What other scenarios can you imagine your teen might have to deal with? What are they already dealing with on social media or with friends they do come in contact with now?
Together with your teen, think of some nice ways to respond to keep their cool. I bet some of your kid’s ideas will be pretty funny and at least give you both something to laugh about!
Something to think about… I recently saw a meme that suggested these responses for these statements:
When someone says: “I decided to send my kids to school.”
Say this: “I’m proud of you for making this decision. I know it wasn’t easy.”
When someone says: “I decided to keep my kids home and do virtual learning.”
Say this: “I’m proud of you for making this decision. I know it wasn’t easy.”
4. Discuss Ways to Cope with Anxiety
During such a stressful time, everyone should know a few of these simple techniques to calm anxiety.
Take Deep Breaths
Breath in for 4 counts and breath out for 4 counts for 5 minutes total. This will slow your heart rate, which should help calm you down.
Question Your Thoughts
Ask yourself if the negative thoughts you’re having are actually true or just distorting the severity of the situation. Changing the way you think can help you take back control.
Find more ways to cope with anxiety here.
5. Have Grace and Be Kind
This seems like an easy task, but tensions are super high right now for millions of people.
Opening the country back up has been full of major controversy and confusion. If your child’s schools and organized activities are starting soon, it will be a huge learning curve for everyone involved. Fears and stress levels will be at their highest. Have grace and know things could change at any minute.
When you’re worried about an issue with your teenager and don’t know what to do, the best thing you can do is talk privately to your teachers, principals, coaches, leaders or therapists.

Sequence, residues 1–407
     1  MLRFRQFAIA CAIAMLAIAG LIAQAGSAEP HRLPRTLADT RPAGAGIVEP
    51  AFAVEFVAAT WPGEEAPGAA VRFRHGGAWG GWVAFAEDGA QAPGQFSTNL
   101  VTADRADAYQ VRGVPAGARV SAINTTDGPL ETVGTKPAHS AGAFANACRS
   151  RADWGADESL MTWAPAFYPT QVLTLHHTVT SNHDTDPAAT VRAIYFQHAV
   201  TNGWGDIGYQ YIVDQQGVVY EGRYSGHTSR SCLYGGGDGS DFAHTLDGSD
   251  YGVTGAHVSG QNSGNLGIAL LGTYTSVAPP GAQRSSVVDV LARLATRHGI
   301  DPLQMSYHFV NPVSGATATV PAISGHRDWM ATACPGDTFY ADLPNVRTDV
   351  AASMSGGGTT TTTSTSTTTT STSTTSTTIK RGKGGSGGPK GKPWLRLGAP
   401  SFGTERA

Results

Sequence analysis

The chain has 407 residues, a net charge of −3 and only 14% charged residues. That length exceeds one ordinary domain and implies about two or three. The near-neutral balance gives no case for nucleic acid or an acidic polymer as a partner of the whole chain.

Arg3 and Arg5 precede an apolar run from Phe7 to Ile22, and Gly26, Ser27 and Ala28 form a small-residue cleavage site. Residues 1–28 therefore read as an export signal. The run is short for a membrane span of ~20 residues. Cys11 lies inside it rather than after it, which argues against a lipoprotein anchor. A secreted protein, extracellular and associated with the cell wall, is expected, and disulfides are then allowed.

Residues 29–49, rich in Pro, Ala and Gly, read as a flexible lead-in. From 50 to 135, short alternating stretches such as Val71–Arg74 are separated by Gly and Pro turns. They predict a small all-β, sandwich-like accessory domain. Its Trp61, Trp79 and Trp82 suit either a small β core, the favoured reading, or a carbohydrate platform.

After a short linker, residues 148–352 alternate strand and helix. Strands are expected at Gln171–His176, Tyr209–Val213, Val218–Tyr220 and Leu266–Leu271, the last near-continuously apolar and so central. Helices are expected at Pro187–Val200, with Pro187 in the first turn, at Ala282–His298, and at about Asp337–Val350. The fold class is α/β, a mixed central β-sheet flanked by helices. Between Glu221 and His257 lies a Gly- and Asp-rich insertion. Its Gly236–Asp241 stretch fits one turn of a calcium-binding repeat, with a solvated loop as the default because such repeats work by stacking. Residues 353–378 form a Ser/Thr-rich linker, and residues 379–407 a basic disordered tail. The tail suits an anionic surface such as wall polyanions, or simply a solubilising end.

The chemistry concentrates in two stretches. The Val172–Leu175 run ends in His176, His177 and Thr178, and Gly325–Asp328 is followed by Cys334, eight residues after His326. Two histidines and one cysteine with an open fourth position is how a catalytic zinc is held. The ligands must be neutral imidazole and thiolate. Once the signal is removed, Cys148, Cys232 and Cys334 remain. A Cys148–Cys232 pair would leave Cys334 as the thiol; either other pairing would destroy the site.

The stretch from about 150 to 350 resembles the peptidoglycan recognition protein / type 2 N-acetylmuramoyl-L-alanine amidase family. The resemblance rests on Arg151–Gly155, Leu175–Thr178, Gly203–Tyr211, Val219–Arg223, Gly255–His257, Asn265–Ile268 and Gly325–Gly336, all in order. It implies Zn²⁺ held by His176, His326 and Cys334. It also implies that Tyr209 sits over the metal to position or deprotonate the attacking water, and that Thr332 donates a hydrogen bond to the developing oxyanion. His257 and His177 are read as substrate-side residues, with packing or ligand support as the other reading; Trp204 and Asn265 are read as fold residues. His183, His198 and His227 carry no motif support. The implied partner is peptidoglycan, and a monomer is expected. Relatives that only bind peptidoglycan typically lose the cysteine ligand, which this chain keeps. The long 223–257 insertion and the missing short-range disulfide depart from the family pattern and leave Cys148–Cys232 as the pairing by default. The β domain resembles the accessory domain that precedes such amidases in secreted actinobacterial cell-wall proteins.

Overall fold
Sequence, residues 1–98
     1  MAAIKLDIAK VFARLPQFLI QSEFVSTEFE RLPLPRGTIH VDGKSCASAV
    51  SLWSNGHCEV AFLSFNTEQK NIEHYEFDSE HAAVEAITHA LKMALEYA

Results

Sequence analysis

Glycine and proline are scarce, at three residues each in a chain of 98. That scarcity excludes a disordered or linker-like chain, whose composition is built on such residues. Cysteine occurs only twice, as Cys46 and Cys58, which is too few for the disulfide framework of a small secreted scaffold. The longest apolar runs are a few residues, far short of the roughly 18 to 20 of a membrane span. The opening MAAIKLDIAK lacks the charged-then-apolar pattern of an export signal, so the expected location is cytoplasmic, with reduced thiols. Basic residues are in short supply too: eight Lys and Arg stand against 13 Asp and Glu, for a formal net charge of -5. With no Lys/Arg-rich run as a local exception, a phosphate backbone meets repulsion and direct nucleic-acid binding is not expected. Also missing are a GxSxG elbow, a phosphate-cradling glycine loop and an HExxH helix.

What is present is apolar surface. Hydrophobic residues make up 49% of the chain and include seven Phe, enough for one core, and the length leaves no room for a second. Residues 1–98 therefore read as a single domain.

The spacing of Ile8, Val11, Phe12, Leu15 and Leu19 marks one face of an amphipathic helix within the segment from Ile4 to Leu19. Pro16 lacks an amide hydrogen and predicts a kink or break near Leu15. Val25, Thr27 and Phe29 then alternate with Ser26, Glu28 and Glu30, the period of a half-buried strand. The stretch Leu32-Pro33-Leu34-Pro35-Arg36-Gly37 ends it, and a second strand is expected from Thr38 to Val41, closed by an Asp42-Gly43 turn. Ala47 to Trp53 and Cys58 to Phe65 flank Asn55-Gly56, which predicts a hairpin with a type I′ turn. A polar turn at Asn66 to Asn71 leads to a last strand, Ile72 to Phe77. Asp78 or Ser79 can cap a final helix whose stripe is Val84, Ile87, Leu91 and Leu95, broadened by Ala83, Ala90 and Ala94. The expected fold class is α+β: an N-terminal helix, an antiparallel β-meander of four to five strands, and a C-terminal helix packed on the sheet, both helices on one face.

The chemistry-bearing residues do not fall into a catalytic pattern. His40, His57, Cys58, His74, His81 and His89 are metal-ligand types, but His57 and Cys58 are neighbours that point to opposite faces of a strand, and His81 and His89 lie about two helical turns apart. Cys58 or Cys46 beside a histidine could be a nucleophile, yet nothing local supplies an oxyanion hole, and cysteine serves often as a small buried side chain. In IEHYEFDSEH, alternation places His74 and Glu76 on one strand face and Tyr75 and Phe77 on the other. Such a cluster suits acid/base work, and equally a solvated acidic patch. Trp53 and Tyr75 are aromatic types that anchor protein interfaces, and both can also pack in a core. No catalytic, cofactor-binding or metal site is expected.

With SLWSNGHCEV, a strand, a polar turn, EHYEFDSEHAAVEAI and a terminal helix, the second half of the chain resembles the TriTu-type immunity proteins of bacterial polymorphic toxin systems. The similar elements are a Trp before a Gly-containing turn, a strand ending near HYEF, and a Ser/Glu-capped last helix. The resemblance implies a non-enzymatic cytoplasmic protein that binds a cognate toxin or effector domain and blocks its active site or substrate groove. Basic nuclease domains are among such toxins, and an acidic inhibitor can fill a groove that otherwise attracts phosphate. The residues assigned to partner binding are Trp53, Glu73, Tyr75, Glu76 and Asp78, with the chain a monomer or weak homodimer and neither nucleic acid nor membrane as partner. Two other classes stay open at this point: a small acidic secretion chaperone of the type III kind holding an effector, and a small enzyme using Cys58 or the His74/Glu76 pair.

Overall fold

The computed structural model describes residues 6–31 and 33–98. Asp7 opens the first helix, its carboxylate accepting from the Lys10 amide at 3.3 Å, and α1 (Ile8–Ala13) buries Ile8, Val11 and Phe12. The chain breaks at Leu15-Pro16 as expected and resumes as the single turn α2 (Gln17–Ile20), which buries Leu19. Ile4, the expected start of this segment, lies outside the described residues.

It takes courage to talk to the people in charge about a problem. If you reach out with grace and kindness, those people are going to be glad you did. Hopefully they will do all in their power to help.
Most of all be kind to your teens.
Lift them up by telling them you love them, tell them how proud you are of them, compliment them, write them a nice note, give them a gift or clean their room for no reason or just give them a much needed hug.
They might seem okay to you, but understand their plate is overflowing with stress just as much or more than yours.
What’s been working for you and your teens during the pandemic?
Leave a comment below, I’d love to hear what positive changes you have made in your lives with the current situation.
More articles you might like:
- 5 Things Teen Boys Want from Their Moms
- How to Talk to a Reluctant Teen
- 10 Tips to Get Your Teens to Open Up
- Take the 5 Love Language Quiz for Teens here
Originally published on July 31, 2020. Last Updated on May 15, 2021 by Amy Locurto